SEN Providers: Rural Areas

Education – in the House of Commons at on 27 February 2023.

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Photo of Alicia Kearns Alicia Kearns Chair, Foreign Affairs Committee, Chair, Foreign Affairs Committee

If her Department will provide additional financial support to special educational needs providers in rural areas.

Photo of Gillian Keegan Gillian Keegan The Secretary of State for Education

I pay tribute to the life of the noble Baroness Boothroyd, who has sadly passed away. As the first and only woman Speaker, she blazed a trail for women, showing us that a woman’s place is not only in the House of Commons but at the top. Her legacy will live on and long be remembered in this place.

I know my hon. Friend Alicia Kearns is passionate about ensuring that people with special educational needs and disabilities get the support they need. I completely understand the complexities of a rural constituency, as I represent one myself, and it is why this Government introduced additional payments for small and remote mainstream schools, which are currently benefiting 23 schools in Rutland and Melton. More recently, in the autumn statement, we announced an extra £2 billion pounds for schools next year and the year after, meaning we will be spending more on schools than ever before, including £400 million to support high needs budgets from next April.

Photo of Alicia Kearns Alicia Kearns Chair, Foreign Affairs Committee, Chair, Foreign Affairs Committee

I thank the Government for that investment in 23 schools in my constituency. However, the families my team and I support are sometimes waiting 40 weeks for a special educational needs assessment, which is a far beyond the six-week statutory period. So may I invite the Secretary of State to meet my local councils and schools in order to understand why we have so many difficulties in rural and small councils?

Photo of Gillian Keegan Gillian Keegan The Secretary of State for Education

I thank my hon. Friend for that. All of us will be aware of the huge impacts that long waiting times for diagnosis for autism and for attention deficit hyperactivity disorder can have on children in our communities; many of us will see such cases in our surgeries. To address this, last year we invested £13 million, with a further £2.5 million this year, to improve autism assessment pathways. NHS England is developing national guidance to improve access to autism assessments and we are also committed to looking at improving data on ADHD assessment waiting times to help improve access. I am sure that she will join me in welcoming my Department’s SEND—special educational needs and disabilities—and alternative provision improvement plan, which we will be publishing within the next week.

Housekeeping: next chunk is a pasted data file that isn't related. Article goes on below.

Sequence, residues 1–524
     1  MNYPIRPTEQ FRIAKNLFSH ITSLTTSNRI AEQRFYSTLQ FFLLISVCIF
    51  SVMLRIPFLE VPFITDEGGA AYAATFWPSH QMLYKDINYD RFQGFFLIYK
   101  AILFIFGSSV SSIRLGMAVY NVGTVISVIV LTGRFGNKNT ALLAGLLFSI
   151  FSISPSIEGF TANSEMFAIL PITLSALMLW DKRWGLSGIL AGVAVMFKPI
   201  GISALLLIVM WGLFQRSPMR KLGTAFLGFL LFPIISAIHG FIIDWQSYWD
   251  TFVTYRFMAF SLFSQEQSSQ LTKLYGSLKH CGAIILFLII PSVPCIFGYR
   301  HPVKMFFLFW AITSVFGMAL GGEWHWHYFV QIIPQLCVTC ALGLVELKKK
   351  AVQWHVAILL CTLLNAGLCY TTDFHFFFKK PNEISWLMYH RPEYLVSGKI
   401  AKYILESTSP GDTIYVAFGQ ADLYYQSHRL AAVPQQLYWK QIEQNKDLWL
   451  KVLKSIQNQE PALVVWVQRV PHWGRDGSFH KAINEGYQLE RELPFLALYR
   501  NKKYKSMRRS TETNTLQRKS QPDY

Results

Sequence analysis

Photo of Munira Wilson Munira Wilson Liberal Democrat Spokesperson (Education)

A special school in Oxfordshire is one of dozens of schools that in the past few years have had to close because their buildings were deemed unsafe for pupils. Last week, it was revealed that 39 schools have partly or fully closed for that reason since the general election. With the House of Commons Library confirming that money to maintain school buildings has been cut by 4% in real terms, how will Ministers assure parents of children in both special schools and mainstream schools that their children are safe and that buildings are fit for purpose?

Photo of Gillian Keegan Gillian Keegan The Secretary of State for Education

Obviously, it is always important that our children are in safe schools, and we always take action as soon as possible if any concerns are raised within a school. £15 billion has been spent on the condition of school buildings since 2015, but there are also additional funds for adding capacity. We have a lot of work ongoing in this area—not only school rebuilding but condition assessments, with structural engineers in some schools right now, to make sure that we have all the information and data we need to ensure that all our schools are fit for purpose.